The Nature Explore Classroom at
Cooperative Nursery School
The Westport Weston Cooperative Nursery School made a commitment in September 2012 to study and improve our approach to outdoor play.
This commitment has taken our staff on a joyful journey together. We are so pleased with the work we have done and the results we have reaped. We see the children busy in such productive play. The outdoors has become the frontispiece of our school and a much larger core to our curriculum. Our Outdoor Classroom is an amazing space with many new learning opportunities for children and adults. Originally our playground centered on two large climbing structures, two large swing sets and a large sandbox. The study and improvement process was multi-faceted and had us reflecting on the space right from the point of entry:
Observation: Staff studied the present uses of the space at that time; what was attractive to the children; what seemed like wasted space; was there a challenge to the play options; what was in disrepair; were there enough materials for all.
Investigation: We investigated ways to fund our Outdoor Classroom project. We received funding from CT Charts a Course for Professional Development for teachers and a private grant from a family foundation in our area to improve our equipment.
Professional Development: The Co-op planned three Nature Explore workshops for staff: Documenting Children’s Learning with Nature; Importance of Visual-Spatial Learning; and Using your Outdoor Classroom. Staff also attended a number of other outside workshops on topics including planting and Big Body Play. Professional Development day was given to have teachers work in small groups taking on a section of the playground for clean-up and aesthetic improvement.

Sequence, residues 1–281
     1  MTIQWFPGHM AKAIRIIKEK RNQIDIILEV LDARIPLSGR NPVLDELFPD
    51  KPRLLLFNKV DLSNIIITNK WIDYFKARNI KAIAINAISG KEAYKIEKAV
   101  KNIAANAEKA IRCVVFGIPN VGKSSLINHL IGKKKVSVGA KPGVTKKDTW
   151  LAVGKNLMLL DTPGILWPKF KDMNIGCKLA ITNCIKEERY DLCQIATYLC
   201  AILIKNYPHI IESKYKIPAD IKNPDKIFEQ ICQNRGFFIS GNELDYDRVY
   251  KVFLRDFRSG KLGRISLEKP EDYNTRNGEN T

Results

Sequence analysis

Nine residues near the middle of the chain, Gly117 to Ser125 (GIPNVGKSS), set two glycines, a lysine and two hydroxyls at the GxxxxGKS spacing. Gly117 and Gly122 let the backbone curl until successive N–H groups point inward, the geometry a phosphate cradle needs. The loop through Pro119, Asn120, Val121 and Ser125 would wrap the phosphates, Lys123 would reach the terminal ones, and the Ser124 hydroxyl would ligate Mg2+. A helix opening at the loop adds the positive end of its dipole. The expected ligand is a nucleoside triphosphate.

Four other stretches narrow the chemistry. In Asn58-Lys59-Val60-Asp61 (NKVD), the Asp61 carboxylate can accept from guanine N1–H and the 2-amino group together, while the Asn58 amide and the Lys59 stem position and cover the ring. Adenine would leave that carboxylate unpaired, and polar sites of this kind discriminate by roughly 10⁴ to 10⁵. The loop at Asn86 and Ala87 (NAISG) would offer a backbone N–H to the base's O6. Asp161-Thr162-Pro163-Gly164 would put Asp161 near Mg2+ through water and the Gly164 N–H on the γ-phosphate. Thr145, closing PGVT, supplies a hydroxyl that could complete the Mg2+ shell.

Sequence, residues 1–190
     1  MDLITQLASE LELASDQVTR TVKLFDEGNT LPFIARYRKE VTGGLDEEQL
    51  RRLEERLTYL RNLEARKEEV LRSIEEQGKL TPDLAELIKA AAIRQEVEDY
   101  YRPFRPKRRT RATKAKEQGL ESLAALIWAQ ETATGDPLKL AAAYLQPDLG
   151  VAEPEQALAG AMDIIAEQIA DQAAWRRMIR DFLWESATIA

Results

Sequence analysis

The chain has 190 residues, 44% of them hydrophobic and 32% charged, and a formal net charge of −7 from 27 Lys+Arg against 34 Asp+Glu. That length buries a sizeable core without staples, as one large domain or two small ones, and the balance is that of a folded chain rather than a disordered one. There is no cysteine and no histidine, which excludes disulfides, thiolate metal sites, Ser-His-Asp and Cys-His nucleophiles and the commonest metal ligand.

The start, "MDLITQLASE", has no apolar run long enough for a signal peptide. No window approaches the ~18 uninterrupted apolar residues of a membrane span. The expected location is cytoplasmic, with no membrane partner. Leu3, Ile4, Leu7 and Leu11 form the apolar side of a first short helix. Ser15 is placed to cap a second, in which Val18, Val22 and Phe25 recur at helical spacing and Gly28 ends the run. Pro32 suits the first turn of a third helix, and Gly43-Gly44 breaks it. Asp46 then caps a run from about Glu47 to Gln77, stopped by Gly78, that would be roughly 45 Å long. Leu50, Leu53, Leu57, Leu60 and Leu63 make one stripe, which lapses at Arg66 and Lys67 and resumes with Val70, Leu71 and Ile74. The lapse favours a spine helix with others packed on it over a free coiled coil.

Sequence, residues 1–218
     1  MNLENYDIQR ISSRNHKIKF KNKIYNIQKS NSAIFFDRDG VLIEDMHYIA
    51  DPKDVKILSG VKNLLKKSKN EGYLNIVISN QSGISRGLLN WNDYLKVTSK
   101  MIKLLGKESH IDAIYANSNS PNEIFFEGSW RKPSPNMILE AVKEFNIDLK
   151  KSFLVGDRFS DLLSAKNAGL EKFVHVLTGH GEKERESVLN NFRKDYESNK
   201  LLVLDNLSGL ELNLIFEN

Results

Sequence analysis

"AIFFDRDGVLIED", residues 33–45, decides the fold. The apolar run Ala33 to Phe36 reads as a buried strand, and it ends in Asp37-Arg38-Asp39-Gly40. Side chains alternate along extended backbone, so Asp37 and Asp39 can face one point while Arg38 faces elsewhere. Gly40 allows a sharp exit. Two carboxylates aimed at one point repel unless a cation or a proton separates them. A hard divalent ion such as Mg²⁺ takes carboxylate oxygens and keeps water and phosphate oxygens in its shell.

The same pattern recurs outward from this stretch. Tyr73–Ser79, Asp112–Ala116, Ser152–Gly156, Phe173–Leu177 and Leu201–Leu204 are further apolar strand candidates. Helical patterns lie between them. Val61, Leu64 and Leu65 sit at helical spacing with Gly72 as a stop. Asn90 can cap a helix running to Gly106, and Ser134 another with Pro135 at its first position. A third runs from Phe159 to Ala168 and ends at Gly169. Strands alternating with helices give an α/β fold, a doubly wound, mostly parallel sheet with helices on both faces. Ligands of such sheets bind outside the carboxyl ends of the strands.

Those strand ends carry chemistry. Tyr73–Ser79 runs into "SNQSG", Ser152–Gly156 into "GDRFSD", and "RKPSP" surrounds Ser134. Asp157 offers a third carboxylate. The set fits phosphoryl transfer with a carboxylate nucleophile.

Creating: Teachers work to create new spaces; a jumping log, stick huts, a music wall,
entry arches, planting a container garden, and a tree surround bench with brick sitting wall for gathering. We also installed a rain barrel for water in our messy play area.
Planning: Teachers plan outdoor curriculum on a weekly basis. They gather new materials regularly for the children to explore; vines, hay, bamboo poles, and other local resources they find. Teachers engage children in planning what will come next in their play, encouraging co-operation and brainstorming the use of materials and space.
Assessing: Teachers observe children’s play; their use of equipment and the natural materials provided. They also observe the areas drawing children in to play and watch for less attractive areas. Teachers take photos to document activities. Photos are used to identify more active areas of the playground and are also placed in the children’s journals as evidence of participation in activities as well as evidence of skill-building.
Pat Rackliffe, Director